A senior children's heart surgeon is to leave his post in Belfast next month -- sparking fears the service will be "brought to its knees".
The parent of a toddler with serious heart problems has spoken of his concerns after it was confirmed Professor Fred Wood, one of the two main heart surgeons in Belfast, will leave his job in December.
The health trust has moved to reassure parents that despite his departure children who require cardiac surgery will have access to the care "they require".
However it remains unclear if Prof Wood, who has now taken up a post as the President of Royal College of Surgeons in Ireland, will be replaced.
The development comes amid major fears over the future of paediatric heart surgery in Belfast.
Gerald Clifford from Craigavon said urgent answers are needed about the future of the service which is facing major upheaval.
Mr Clifford (36), whose three- and-a-half-year old son Liam has undergone two surgeries in Belfast, fears the loss of Prof Wood could lead to "crisis point" for children's services in Northern Ireland.
Prof Wood, a retired surgeon with more than 30 years' experience working as a congenital heart surgeon, provided a locum service for the Belfast Trust.
The surgical service for congenital heart disease in Belfast is currently provided by two surgeons employed by the Belfast Trust -- one being Prof Woods -- with support where needed from two further surgeons based at Our Lady's Hospital for Sick Children in Dublin.
His retirement will mean only one surgeon will be employed.
Health Minister Edwin Poots has yet to give his decision on the future of the service following a consultation which ended over a year ago. Heart operations for children are still taking place in the Royal Victoria Hospital. But there are restrictions on the numbers receiving surgery, with complex diagnoses being transferred mainly to Birmingham Children's Hospital in England.
Mr Poots is yet to announce his decision on whether services will remain in Belfast, be shared with Dublin or move to England.
Mr Clifford said this adds more concern to the service being "slowly closed by stealth".
"There is a tipping point come the start of December when Prof Wood leaves to take up a different post.
"And the prophecy will have fulfilled itself by then and there really will be nothing for Mr Poots to rescue."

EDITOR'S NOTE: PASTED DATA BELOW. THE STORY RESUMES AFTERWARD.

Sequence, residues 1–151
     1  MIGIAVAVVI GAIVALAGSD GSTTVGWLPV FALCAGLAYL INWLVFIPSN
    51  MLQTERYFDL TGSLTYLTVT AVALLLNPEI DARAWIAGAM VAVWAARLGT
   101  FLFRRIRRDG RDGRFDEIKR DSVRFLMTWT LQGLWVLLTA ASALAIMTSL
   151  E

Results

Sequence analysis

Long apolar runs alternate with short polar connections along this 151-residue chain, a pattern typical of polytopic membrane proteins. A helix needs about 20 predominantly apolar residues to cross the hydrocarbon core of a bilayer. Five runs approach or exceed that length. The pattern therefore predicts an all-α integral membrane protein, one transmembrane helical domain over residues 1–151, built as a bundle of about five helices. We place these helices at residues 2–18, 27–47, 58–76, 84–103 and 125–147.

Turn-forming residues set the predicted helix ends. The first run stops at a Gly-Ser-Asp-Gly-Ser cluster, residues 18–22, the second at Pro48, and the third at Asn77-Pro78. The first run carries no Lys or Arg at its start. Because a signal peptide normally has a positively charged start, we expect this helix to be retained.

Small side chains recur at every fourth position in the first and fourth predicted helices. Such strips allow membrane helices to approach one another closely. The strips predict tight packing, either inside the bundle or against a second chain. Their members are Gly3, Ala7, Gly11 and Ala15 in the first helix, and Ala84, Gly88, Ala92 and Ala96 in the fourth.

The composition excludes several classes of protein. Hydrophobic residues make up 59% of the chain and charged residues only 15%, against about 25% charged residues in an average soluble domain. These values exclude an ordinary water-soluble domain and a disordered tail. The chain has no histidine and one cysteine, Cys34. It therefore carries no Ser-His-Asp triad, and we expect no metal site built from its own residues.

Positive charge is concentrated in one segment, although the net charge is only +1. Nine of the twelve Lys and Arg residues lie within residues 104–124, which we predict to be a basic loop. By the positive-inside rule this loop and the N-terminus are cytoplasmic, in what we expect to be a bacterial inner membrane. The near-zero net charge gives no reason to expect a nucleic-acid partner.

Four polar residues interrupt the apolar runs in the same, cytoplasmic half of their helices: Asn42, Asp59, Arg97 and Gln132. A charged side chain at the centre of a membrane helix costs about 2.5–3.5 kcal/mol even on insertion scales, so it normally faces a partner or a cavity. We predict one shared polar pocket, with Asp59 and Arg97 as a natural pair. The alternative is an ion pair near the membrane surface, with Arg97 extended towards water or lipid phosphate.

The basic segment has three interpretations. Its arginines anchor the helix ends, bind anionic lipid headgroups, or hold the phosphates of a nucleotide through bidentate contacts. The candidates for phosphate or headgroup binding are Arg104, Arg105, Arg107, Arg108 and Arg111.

He added: "The stance Mr Poots is taking has earned him a lot of goodwill from parents regardless of the other issues he has managed to get himself in trouble over.
"But if that goes on he is now starting to lose that good faith.
"The service really has been brought to its knees.
"That is a crisis point for the service. That will only leave one surgeon."
Mr Clifford said accountability over the issue from health chiefs needed to be clarified.
"The restrictions that they have placed are crippling the service while there is no decision being made the service is being weakened and weakened."
A spokeswoman for the Belfast Trust said: "While Professor Woods will be retiring from December, we can reassure parents that any child who requires paediatric cardiac surgery will have access to the care they require and will receive treatment without any undue delay.
"The specific arrangements that will be in place following Professor Woods' retirement are being carefully considered by the Trust, in conjunction with the HSCB/PHA and the Department of Health, Social Services and Public Safety."
A departmental spokesman said: "The department is aware that Professor Woods intends to leave his post next month.
"The Department, Health and Social Care Board and the Belfast Trust are in discussion about securing arrangements to ensure that a safe and quality paediatric congenital cardiac surgical service continues to be available for the population of Northern Ireland.
"An announcement on the next steps will be made as soon as possible.
"The minister has made it clear that his prime concern is to provide a safe and quality service for these vulnerable children," said the spokesman.
Liam Clifford was born in March 2010. He has pulmonary artersia with a VSD which means his artery never developed so the heart can't naturally pump blood to the lungs. When he was six hours old he was rushed to Belfast and had his first surgery when he was just 10 days old. When he was 10 months old he had his second major surgery. The surgical device which acts as the artery will need replaced as he grows -- at least three more operations.